Part of what makes this new demographic noteworthy is that it emerged mostly without a helping hand from the state. Although Peru’s investment in social programs has increased, it is still fairly low, especially compared to many other South American countries, even if the anti-poverty and social-inclusion initiatives in place are generally considered efficient and effective. And even though the government can and should take credit for some of the countrywide reductions in poverty over recent years, trends in metropolitan Lima tell a different story.
By and large, the relative prosperity of Lima’s previously poor districts is a self-made success. Not only has Peru’s growth over the past decade been investment-driven rather than state-driven, but much of that investment has also happened on an individual scale. Peruvians, distrustful of a government that rarely meets social demands, have worked to compensate for its lack of services. According to a 2013 survey by Latam Confidential, Peruvians are almost twice as likely to buy health services and one-third more likely to invest in private education than regional averages. Additionally, the growth of the middle class has been partly a product of migration to cities. As millions of migrants have flocked to Lima and other urban areas, they have not only benefited from economic growth driven by foreign investment, but have also helped to sustain it by bolstering a thriving informal economy and large labor force for manufacturing, services and other industries.
In many of the current and former pueblos jovenes, even access to public services has been hard-earned. Through well-organized neighborhood organizations, residents have successfully banded together to secure not just running water and electricity but also better roads, schools and other public services. In many cases, access to these utilities has not necessarily been legal—communities often tap directly into power and water lines, for example—and therefore risks making it more difficult for the state to expand services legally, due to concerns over the potential for lost revenue from services it would otherwise provide. Still, the country’s progress in this area is hard to overstate. In 1980, 72 percent of urban Peru lacked access to running water; today that number is less than 15 percent.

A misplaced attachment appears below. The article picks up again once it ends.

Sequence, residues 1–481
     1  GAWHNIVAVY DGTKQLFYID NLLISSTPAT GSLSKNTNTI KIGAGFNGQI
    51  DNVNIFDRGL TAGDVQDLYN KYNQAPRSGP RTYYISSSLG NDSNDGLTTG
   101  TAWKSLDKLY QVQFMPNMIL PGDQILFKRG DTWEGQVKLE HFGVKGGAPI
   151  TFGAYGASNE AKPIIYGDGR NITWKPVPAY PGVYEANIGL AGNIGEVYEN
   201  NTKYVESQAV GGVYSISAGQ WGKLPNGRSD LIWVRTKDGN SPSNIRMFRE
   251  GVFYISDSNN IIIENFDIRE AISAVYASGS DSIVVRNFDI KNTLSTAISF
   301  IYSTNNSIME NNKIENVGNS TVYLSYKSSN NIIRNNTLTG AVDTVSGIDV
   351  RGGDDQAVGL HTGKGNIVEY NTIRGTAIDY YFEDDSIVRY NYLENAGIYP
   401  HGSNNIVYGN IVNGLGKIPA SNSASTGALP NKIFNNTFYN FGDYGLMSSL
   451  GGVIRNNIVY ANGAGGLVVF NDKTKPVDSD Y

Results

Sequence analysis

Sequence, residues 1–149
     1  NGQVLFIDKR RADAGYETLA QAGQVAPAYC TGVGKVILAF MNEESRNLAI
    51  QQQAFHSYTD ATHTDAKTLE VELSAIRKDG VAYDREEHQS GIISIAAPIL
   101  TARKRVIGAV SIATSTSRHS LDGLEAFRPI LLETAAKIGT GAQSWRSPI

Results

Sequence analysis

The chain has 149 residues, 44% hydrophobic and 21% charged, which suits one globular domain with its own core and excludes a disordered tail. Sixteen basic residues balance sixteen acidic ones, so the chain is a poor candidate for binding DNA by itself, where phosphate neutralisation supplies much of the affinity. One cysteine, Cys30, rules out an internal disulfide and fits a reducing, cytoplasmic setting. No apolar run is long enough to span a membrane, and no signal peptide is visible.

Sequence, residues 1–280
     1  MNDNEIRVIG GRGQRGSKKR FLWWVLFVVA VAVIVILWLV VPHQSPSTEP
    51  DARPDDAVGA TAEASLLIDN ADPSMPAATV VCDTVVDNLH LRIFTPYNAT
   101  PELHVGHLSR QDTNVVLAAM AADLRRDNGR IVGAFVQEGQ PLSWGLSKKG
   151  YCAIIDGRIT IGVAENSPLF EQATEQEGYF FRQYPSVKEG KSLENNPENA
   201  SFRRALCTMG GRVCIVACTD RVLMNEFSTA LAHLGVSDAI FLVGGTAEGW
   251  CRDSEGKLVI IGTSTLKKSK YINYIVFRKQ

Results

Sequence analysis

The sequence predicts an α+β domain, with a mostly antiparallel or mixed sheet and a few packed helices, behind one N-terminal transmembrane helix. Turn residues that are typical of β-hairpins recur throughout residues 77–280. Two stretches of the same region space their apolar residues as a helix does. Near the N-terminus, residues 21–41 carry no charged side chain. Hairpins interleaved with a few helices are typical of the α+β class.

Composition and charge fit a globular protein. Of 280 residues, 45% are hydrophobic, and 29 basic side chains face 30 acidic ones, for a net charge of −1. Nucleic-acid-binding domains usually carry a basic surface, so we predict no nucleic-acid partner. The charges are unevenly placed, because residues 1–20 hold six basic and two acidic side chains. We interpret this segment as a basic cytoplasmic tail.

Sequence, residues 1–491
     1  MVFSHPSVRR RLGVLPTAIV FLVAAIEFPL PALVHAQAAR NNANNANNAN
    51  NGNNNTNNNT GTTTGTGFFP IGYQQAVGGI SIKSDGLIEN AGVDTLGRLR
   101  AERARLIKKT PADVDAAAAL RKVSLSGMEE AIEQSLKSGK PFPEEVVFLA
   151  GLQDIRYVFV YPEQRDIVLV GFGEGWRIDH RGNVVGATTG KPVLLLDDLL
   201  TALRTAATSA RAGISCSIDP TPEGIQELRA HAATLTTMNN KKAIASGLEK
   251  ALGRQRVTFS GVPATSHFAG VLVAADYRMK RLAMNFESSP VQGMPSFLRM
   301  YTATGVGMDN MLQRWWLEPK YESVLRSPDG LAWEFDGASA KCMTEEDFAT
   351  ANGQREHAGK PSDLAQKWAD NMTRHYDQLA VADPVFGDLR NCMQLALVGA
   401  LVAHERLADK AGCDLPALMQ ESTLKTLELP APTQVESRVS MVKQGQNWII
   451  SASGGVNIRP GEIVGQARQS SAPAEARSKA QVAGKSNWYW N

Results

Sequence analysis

This legacy of self-sufficiency makes some among the urban middle class less eager to look to the state for assistance than their counterparts elsewhere in the region. This is exacerbated by the fact that Peruvians, by and large, have little faith in politics and public institutions. President Ollanta Humala has seen his approval ratings plummet to a mere 16 percent, despite the current economic prosperity and the fact that recent corruption scandals have created less political fallout compared to the rest of the region. Other institutions in Peru do not fare better: Only 27.4 percent of Peruvians trust Congress, 34 percent the justice system and 24 percent political parties. A similar story is true on the local level. According to the Latin America Public Opinion Project (LAPOP), only 37 percent of Peruvians are confident in their municipal government. The rest generally cite corruption, incompetence, insecurity and unsatisfactory public services as the sources of their mistrust.
"Lima has quickly become one of the most congested cities in the world."
Even more revealing is that, according to the same poll, while most Peruvians are unsatisfied with national health care, education and other social programs, a sizeable majority would not be willing to pay higher taxes to improve their quality. For example, of those who rated health services as “poor,” only 30 percent would want to be taxed more to improve the system. Skepticism about politicians and the state runs so deep that many believe improvement is simply not possible.
Many Peruvians see the gains of the past decade not as a national triumph but as a popular one—success in spite of the government, not because of it. Even if this perception is biased, the implications for Peru are enormous. Despite their country’s recent prosperity, the impressive growth of the middle class and the country’s favorable position relative to most if not all its neighbors, the Peruvian people will not be quick to buy into any government effort to improve its future.
Don’t Drive There: The Challenges of Rapid Urbanization
This tension reveals the growing difficulties for policymakers in Peru, and in Lima particularly. While the growth of the urban middle class has been a tremendous economic accomplishment, it also poses serious and mounting challenges. With close to 30 percent of the Peruvian population living in the capital and more arriving daily, the public service deficit and challenges of urbanization in general will only continue to grow.